|Model 81 / XN2B|
|National origin||United States|
|Primary user||Boeing School|
|Developed from||Boeing Model 64|
The Boeing Model 81 was an American training aircraft built by Boeing in 1928. The Model 81 was a development of the Model 64. It was powered by a newly developed engine, the 125 hp Fairchild-Caminez 4-cylinder radial engine. Operating at a much lower rpm than most engines (1000 rpm) it required the use of a large high-pitch propeller.
After initial flight tests with the Fairchild-Caminez, the prototype was refitted with a 145 hp Axelson engine, redesignated Model 81A and delivered to the Boeing School of Aeronautics. There, it was re-engined a number of times, first with a 115 hp Axelson engine, redesignated Model 81B. It then received a 165 hp Wright J-6-5, then a 100 hp Kinner K-5 and a redesigned vertical tail. Redesignated Model 81C, it would later be removed from training service, re-engined with an Axelson engine, and used as a classroom trainer.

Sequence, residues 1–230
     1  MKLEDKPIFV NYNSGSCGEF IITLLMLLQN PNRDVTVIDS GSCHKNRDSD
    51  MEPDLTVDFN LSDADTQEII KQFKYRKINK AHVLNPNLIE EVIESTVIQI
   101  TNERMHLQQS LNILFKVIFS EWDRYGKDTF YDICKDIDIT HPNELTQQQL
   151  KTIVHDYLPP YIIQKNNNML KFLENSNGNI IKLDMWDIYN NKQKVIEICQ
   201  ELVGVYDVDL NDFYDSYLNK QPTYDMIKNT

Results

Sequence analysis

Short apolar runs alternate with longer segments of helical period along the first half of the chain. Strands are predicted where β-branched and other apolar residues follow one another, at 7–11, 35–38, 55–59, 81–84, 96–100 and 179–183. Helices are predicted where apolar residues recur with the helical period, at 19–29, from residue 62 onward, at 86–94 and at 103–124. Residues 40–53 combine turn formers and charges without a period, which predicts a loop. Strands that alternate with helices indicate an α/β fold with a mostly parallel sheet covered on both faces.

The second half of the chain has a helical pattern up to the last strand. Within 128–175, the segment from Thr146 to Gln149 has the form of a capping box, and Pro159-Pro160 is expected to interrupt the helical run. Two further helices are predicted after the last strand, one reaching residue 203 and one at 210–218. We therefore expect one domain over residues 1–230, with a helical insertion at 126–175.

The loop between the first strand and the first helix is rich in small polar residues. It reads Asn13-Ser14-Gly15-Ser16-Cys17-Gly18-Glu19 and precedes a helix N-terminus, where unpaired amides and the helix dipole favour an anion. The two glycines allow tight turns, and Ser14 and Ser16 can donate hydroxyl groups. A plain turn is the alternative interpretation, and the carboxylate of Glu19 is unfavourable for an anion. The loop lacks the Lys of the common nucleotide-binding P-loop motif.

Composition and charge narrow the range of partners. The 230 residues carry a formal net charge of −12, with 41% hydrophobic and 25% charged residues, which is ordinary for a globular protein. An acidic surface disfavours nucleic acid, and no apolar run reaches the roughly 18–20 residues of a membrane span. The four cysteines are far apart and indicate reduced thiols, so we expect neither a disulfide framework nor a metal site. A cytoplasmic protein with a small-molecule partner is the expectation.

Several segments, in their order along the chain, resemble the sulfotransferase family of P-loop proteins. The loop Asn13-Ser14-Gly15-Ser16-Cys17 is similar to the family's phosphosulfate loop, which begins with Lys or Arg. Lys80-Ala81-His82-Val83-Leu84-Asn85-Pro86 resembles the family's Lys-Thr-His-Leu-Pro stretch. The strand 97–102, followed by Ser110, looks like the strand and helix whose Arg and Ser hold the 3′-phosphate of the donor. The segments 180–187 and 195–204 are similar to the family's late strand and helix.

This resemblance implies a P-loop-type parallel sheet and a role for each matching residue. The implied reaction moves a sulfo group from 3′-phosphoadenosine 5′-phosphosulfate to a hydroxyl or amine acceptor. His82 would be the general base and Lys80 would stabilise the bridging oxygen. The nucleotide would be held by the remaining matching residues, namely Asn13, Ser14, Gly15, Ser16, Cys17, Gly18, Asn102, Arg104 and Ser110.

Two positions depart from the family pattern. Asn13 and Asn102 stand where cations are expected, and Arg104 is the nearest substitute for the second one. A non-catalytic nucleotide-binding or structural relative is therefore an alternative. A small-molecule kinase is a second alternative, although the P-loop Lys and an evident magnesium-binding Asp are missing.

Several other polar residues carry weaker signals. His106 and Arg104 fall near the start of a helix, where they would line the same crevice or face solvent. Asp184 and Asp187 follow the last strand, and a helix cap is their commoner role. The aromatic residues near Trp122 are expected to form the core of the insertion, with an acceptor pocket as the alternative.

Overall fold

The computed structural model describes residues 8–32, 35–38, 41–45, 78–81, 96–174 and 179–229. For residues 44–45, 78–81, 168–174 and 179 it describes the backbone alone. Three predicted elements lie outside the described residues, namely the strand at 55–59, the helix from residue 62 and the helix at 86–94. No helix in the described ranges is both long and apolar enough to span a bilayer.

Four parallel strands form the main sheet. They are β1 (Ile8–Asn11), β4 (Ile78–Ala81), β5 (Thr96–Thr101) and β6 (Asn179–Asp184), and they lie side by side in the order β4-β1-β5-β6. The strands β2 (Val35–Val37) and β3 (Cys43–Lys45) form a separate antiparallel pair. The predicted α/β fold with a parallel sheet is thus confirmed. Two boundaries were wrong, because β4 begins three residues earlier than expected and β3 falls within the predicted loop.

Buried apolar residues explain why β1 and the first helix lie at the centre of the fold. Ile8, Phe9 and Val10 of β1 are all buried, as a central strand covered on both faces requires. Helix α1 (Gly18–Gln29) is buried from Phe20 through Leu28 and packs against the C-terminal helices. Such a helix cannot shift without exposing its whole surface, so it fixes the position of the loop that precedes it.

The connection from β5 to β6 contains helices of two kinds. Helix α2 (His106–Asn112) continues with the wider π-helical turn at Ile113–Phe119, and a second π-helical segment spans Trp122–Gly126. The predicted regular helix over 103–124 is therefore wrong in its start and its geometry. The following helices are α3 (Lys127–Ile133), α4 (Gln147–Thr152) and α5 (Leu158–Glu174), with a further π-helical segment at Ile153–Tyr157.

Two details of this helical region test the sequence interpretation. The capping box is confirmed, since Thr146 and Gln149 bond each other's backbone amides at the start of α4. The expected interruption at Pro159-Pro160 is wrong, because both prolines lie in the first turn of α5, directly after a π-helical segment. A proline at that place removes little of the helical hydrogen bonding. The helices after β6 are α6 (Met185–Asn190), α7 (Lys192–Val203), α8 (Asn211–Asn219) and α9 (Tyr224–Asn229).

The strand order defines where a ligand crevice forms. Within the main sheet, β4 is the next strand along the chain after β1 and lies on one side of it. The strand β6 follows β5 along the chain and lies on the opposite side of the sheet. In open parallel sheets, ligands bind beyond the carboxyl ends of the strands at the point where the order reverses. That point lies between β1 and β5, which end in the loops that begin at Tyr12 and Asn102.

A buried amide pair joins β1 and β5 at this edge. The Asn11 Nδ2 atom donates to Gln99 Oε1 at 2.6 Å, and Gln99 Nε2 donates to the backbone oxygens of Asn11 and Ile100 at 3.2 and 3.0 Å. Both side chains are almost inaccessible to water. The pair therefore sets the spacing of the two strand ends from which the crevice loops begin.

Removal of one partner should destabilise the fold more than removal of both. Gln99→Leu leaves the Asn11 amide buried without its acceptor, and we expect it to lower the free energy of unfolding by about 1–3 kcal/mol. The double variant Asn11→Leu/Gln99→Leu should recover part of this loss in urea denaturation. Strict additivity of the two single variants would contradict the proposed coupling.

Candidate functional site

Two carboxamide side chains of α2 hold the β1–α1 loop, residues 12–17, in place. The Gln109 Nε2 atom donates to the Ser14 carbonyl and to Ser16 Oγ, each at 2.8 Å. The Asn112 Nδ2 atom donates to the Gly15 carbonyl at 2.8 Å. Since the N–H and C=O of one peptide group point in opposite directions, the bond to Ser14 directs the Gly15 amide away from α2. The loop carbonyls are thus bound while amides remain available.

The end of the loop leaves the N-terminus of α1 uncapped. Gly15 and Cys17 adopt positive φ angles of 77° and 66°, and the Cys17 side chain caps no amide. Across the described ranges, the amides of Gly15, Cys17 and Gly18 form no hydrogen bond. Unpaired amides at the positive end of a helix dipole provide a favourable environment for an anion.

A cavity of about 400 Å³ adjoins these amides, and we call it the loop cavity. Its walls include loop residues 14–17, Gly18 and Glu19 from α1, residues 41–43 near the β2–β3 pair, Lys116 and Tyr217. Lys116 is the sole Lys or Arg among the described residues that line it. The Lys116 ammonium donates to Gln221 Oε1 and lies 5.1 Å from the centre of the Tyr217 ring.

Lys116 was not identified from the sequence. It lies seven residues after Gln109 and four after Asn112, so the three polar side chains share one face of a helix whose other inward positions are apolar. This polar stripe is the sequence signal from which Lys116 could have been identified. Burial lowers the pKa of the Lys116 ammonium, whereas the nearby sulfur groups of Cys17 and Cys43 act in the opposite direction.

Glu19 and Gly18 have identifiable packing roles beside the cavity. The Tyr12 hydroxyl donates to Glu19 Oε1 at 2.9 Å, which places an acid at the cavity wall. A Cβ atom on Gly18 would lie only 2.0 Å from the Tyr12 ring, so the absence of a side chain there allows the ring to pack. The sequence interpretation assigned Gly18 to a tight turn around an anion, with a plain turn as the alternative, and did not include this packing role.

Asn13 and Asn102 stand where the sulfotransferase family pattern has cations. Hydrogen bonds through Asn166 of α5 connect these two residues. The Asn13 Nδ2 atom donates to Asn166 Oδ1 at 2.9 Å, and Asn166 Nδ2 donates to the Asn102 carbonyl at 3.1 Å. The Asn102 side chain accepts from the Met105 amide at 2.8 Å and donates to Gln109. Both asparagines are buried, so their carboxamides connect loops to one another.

On 21 June 1928, the second Model 81 built was delivered to the US Navy at Anacostia, Maryland for $8,300, and redesignated Boeing XN2B. Its trial with the Fairchild engine was unsatisfactory, and on 10 January 1929 it was refitted by Wright Aeronautical with a 160 hp Wright J-6-5 engine. Despite increased performance, it was not ordered into production.
Data from Bowers, 1989. p. 144